JANE FULTON SURI THOUGHTLESS ACTS PDF

When we use a newspaper to block the rain, rest against a railing or sit on a wooden crate, we are utilising the resources and objects within our environment, regardless of whether or not their intended purpose is being fulfilled. Whilst shopping in Carindale, I was able to identify and photograph some examples of each of the seven interactions listed above. On the other hand, the third image depicts the way that everyone automatically steps on the correct side of the escalator in order to get up or down to a different level. Without question, all of these people understand the use of these facilities and follow them with no need for instruction.

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When we use a newspaper to block the rain, rest against a railing or sit on a wooden crate, we are utilising the resources and objects within our environment, regardless of whether or not their intended purpose is being fulfilled. Whilst shopping in Carindale, I was able to identify and photograph some examples of each of the seven interactions listed above.

On the other hand, the third image depicts the way that everyone automatically steps on the correct side of the escalator in order to get up or down to a different level. Without question, all of these people understand the use of these facilities and follow them with no need for instruction.

The woman on the left followed along the pedestrian crossing and felt encouraged to stick within the path, knowing that she was out of the way of any cars. The man on the right, in response to being tired or simply needed something to lean on, utilised the height and sturdiness of the railing to support his weight as he used his phone.

Their evident laziness and lack of concern for the workers within the store influences them to utilise their immediate surroundings as, essentially, a dumping ground. On the right, there are a group of people sitting around a table right next to the ice cream shop at which they purchased their dessert.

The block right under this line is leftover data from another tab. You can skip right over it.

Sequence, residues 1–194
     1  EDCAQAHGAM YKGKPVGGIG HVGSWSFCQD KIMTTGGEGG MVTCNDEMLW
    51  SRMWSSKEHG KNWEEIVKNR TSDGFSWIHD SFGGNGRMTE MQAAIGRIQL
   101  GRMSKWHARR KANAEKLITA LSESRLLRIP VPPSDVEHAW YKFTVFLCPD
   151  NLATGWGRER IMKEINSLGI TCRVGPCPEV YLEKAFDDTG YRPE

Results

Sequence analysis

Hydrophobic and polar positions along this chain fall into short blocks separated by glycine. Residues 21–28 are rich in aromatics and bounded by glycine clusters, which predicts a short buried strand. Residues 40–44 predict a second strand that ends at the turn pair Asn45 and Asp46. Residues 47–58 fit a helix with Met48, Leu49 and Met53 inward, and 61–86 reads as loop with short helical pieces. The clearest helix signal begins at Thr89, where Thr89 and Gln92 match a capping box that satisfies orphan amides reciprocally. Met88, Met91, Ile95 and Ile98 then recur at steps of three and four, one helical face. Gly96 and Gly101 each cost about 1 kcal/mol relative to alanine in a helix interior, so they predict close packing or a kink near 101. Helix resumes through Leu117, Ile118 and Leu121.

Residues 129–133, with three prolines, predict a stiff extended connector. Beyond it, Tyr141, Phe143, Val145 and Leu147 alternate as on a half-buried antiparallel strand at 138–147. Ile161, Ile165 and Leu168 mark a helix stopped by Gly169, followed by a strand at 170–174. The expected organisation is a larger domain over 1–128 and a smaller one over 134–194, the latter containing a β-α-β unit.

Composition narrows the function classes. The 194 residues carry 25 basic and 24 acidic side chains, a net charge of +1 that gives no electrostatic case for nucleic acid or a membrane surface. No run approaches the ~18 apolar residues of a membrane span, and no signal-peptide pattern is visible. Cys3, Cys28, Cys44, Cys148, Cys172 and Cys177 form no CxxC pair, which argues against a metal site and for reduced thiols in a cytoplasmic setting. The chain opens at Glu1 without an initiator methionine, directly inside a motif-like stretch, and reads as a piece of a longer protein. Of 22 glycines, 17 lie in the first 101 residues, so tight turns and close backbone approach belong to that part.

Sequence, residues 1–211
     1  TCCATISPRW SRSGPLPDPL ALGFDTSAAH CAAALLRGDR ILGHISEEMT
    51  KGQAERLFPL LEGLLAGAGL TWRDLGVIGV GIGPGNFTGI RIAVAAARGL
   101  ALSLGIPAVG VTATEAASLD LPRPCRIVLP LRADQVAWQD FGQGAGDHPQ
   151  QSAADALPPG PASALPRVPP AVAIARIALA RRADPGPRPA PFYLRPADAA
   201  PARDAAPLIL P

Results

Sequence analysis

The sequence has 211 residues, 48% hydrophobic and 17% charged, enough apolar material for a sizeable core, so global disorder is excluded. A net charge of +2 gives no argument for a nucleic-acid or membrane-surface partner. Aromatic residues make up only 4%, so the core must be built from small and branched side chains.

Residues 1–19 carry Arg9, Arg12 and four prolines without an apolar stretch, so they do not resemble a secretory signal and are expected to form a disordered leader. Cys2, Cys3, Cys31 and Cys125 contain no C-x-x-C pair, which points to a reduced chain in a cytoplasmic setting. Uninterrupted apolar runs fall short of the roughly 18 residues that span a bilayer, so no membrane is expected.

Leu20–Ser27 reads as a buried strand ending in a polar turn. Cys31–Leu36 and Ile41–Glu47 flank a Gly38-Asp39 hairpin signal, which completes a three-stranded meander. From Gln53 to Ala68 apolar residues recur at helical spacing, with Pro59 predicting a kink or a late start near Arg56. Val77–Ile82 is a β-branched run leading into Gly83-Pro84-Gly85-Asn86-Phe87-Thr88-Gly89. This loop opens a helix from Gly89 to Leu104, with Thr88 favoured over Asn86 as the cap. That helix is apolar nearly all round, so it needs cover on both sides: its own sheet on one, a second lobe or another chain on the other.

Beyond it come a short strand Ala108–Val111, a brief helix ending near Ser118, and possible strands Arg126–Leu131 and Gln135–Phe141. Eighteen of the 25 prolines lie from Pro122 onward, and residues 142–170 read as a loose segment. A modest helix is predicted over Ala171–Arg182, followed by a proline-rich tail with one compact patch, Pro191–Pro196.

The boy made use of the physical qualities of the table, knowing that it would support his weight, as he climbed on top of it. The first example is of a woman who utilised her pram to store her personal and shopping bags, while her child walked beside her. On the other hand, the image to the right is of a trolley that was being used to hold the two toddlers. The intended purposes of these wheeled carriers were adapted to meet the needs of the specific people and circumstances shown above.

In all of the images in the slideshow, people are conforming to the behaviours and rules that have been either been taught to them by society or have become second nature as a part of their day to day lives. The first, on the left, resembles the woman walking in line with the pedestrian crossing. I was intrigued by what psychologically would have influenced her to walk exactly between the two sides of the path without ever stepping over the edge.

Was it the fact that she felt safe from her surroundings by staying on the painted area? The second sketch depicts the man sitting near his adventurous son as he scrambled across the seat onto the table.

As I took the photo, I watched as this father was happy to let his child wonder freely and thus, perform thoughtless acts from a young age. I wondered at what point in our lives these reactions and responses began to happen. So how does this all link up? While this concept relies on a balance of feasibility, desirability and viability, it cannot be achieved without observation, Hunter, B.

People Jane Fulton Suri. Thoughtless Acts? What is Human-Centred Design? Accessed April 10, , from WordPress.

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interview with jane fulton suri, executive design director at IDEO

She is dedicated to sustaining and evolving design insight and inspiration. And, working variously in Tokyo, Cambridge, and California, she focuses on growing future creative leaders. Jane came to IDEO with a background in psychology and architecture and the ambition to bring social science-based perspectives to design practice. Working on diverse challenges for clients in multiple industries, she pioneered human-centered approaches and fostered a collaborative community of kindred spirits, including designers, anthropologists, and others. She evolved techniques for empathic observation and experience prototyping that are now employed widely in the design and innovation of products, services, and environments, as well as systems, organizations, and strategies. She also created Thoughtless Acts? Observations on Intuitive Design Chronicle Books, , a collection of snapshots that depict the subtle and creative ways in which people interact with the world.

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Thoughtless Acts?

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